(For expert advice on the value of student involvement, visit Dr. Lisa Marotta's blog.)



Sunday, August 12, 2012

The Importance of Shock Absorbers: Lesson #2 from My Bike

At Al's Bicycles, Jason the salesman (or salesboy—to me he looked about twelve years old) asked, “So what’s your main objective, speed or comfort?” 

“Comfort.” The question was barely out of his mouth before I responded. I’m sixty-two years old. My biking goal is to burn a few calories and keep my joints moving while semi-enjoying the experience. The Tour de France or a reasonable facsimile was not, is not, and never will be on my bucket list. So when Jason directed me to the Raleigh Route 4.0 and explained it was built for comfort, I was interested. He pointed out the seat with extra padding and extra width, the raised handlebars that didn’t require a 170° bend at the waist, and the shock absorbers. Shock absorbers? Now he really had my attention. The only shock absorbers I’d ever had while bike riding were the extra padding and extra width on my backside.

At Jason’s suggestion, I took the Raleigh out for a test drive. I rode it up and down the street that ran in front of Al’s shop. The gears made pedaling easy, the seat was comfy, and the handlebars were at just the right height. To test the shock absorbers, I purposely drove over speed bumps and potholes. Oh, my! The difference between that bike and my previous one was the difference between a Lexus and a Pinto. (For those of you under fifty, I’ve provided a helpful link to explain what a Pinto is.) I still felt the bumps to some degree, but they weren’t the bone-jarring, teeth-rattling jolts I’d been used to. Jason made his sale.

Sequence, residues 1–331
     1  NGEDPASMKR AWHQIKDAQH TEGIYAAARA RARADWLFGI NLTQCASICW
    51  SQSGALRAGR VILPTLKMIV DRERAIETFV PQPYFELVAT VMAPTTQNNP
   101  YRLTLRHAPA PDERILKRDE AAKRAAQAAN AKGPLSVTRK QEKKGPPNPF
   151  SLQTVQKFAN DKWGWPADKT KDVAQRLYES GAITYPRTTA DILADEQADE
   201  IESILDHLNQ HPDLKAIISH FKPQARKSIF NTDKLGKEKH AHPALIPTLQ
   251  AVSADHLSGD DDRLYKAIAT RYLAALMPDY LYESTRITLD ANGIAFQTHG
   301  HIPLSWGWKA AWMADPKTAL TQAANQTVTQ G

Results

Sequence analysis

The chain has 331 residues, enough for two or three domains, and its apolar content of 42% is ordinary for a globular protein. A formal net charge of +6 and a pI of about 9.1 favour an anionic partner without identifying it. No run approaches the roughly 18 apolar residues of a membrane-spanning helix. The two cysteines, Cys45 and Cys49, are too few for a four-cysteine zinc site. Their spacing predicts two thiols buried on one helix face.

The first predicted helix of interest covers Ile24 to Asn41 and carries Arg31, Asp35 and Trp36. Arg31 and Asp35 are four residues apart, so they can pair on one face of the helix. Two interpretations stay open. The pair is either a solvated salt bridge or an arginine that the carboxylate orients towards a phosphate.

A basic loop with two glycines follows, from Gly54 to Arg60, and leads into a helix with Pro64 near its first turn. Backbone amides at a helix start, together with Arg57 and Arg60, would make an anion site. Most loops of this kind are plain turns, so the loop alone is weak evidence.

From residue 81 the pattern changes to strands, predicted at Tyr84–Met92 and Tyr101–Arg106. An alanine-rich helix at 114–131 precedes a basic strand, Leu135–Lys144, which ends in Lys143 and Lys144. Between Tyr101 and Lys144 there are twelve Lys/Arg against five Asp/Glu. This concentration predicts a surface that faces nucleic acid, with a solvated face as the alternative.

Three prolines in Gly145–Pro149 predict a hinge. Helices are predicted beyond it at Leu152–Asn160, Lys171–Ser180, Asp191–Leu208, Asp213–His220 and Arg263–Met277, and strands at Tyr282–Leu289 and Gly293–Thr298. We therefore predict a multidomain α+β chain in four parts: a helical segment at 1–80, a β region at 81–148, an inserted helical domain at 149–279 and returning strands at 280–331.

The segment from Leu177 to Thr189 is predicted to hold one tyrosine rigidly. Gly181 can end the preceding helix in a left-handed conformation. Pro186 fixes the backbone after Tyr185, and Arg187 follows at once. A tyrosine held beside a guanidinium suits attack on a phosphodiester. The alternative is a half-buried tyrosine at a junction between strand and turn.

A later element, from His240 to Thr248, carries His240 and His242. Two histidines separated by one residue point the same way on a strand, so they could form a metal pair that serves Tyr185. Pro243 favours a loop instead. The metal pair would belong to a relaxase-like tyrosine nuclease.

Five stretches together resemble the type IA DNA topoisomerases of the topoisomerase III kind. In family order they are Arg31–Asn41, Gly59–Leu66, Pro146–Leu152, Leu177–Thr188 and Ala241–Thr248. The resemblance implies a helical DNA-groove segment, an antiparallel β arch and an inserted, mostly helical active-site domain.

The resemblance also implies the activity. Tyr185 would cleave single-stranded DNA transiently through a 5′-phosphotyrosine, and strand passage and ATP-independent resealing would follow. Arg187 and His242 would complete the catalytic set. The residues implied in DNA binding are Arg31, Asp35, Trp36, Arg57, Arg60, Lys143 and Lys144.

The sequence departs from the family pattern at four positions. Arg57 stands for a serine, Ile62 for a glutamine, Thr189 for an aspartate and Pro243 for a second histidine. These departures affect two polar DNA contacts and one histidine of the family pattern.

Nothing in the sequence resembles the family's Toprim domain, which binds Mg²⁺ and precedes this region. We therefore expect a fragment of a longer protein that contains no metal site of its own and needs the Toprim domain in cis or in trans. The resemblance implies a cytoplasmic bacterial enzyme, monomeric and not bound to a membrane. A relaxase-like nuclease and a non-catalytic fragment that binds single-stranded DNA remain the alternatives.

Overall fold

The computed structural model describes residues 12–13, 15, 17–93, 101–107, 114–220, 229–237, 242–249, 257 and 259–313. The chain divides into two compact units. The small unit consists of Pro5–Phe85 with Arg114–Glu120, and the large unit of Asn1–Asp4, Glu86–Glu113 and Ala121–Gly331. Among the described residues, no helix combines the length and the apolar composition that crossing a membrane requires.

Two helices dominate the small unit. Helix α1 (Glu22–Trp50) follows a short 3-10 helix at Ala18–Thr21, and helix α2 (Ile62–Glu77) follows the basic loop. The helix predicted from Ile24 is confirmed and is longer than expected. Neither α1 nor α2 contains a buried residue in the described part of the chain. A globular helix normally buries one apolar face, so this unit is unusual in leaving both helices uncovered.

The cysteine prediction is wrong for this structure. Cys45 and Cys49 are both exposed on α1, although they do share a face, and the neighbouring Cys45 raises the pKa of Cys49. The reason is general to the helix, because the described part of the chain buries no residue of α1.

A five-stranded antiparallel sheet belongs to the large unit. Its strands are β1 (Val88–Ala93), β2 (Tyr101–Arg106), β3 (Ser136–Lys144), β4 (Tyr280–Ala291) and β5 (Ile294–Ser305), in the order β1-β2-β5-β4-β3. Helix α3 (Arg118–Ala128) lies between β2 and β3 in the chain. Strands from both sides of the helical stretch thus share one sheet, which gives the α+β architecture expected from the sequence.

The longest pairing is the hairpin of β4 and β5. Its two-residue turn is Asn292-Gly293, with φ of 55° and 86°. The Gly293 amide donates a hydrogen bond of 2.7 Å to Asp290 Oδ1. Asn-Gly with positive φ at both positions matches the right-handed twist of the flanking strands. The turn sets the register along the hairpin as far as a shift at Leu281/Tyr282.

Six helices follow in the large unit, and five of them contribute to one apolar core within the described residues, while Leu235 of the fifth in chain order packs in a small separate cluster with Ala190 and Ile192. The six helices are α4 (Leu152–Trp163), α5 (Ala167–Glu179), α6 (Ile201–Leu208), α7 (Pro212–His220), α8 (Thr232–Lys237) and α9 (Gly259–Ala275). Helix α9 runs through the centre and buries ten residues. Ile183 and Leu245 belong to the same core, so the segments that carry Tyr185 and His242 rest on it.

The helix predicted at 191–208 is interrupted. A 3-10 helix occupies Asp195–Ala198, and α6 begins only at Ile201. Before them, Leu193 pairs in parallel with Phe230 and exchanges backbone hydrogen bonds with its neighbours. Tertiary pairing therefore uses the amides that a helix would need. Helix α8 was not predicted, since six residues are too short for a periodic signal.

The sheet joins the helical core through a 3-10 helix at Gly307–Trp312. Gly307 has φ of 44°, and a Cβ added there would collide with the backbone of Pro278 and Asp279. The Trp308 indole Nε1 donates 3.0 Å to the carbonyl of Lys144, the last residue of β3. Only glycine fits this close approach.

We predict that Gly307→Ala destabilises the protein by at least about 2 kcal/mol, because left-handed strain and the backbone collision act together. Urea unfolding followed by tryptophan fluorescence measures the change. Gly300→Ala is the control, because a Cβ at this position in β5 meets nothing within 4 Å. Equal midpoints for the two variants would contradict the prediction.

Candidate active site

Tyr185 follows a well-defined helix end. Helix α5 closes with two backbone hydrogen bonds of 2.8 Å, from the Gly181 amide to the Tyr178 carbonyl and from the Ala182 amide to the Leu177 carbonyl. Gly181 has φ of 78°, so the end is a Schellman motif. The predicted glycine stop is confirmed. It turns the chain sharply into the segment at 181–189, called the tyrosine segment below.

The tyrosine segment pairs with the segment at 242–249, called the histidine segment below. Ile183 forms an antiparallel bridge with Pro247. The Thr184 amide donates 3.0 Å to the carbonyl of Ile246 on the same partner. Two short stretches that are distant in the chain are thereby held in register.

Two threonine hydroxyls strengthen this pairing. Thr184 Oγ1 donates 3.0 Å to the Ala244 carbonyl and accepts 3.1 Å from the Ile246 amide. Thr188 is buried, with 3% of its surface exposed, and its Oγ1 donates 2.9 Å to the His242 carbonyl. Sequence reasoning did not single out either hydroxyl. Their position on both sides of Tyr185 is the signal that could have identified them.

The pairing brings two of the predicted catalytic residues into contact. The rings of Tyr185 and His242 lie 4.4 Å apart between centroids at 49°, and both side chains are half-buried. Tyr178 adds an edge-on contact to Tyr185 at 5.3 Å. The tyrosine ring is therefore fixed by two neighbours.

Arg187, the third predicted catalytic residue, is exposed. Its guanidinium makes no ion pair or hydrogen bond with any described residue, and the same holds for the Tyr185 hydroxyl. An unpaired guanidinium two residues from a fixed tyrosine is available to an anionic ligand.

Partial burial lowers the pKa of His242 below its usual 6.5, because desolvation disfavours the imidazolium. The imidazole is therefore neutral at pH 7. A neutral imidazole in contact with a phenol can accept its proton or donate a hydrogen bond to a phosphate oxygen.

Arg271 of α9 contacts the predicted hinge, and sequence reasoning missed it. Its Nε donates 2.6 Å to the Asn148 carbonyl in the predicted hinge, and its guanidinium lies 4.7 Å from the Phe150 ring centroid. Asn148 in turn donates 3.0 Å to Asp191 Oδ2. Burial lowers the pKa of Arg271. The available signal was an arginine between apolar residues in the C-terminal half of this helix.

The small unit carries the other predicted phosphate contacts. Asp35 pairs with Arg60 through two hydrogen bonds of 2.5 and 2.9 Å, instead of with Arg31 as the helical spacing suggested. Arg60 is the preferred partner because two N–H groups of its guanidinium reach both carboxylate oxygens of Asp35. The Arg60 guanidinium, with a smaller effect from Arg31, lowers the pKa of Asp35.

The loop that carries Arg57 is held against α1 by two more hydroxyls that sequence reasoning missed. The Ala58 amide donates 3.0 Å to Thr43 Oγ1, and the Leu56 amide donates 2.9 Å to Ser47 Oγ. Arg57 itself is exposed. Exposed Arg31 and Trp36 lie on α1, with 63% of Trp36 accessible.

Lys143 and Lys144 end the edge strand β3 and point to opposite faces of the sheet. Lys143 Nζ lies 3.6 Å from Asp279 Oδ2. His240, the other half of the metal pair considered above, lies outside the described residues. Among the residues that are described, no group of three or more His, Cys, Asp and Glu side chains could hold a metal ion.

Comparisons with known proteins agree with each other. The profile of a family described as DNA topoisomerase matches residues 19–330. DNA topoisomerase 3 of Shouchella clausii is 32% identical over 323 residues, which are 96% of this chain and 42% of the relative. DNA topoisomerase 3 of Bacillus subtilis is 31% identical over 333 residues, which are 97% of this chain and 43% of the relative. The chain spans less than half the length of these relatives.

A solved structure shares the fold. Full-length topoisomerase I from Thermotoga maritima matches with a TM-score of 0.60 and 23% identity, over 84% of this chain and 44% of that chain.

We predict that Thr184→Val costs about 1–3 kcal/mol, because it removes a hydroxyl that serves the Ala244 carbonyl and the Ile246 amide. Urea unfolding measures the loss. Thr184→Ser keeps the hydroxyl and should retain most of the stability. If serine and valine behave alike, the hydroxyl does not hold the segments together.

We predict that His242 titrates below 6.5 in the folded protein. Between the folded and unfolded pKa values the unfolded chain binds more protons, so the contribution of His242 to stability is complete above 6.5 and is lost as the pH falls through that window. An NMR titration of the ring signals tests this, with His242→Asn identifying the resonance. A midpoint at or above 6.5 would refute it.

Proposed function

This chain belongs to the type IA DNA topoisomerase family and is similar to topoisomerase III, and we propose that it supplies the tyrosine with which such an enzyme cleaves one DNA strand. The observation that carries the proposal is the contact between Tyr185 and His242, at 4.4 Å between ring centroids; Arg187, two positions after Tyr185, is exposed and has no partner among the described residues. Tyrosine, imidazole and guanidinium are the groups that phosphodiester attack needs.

Since then, subsequent rides on my new bike have given me time to do a lot of reflecting on life. One such reflection was on the importance of shock absorbers— not those on our vehicles but the ones in our lives. Just like those on my bike, our “life” shock absorbers cushion the ride. They don’t eliminate the bumps and rough spots, but they do lessen the pain as we navigate our way over or through life’s challenges. And their assistance bolsters our belief that we can endure and will survive the pain. 

I consider the essential shock absorbers in my life to be faith, family, friends. In that order. I know several people right now who are facing difficulties, some life-threatening. The ones who seem to be handling their challenges the best have faith, family, and friends to rely on. 

What about you? Are your shock absorbers in place? I pray that they are and that you’ll enjoy a smooth ride.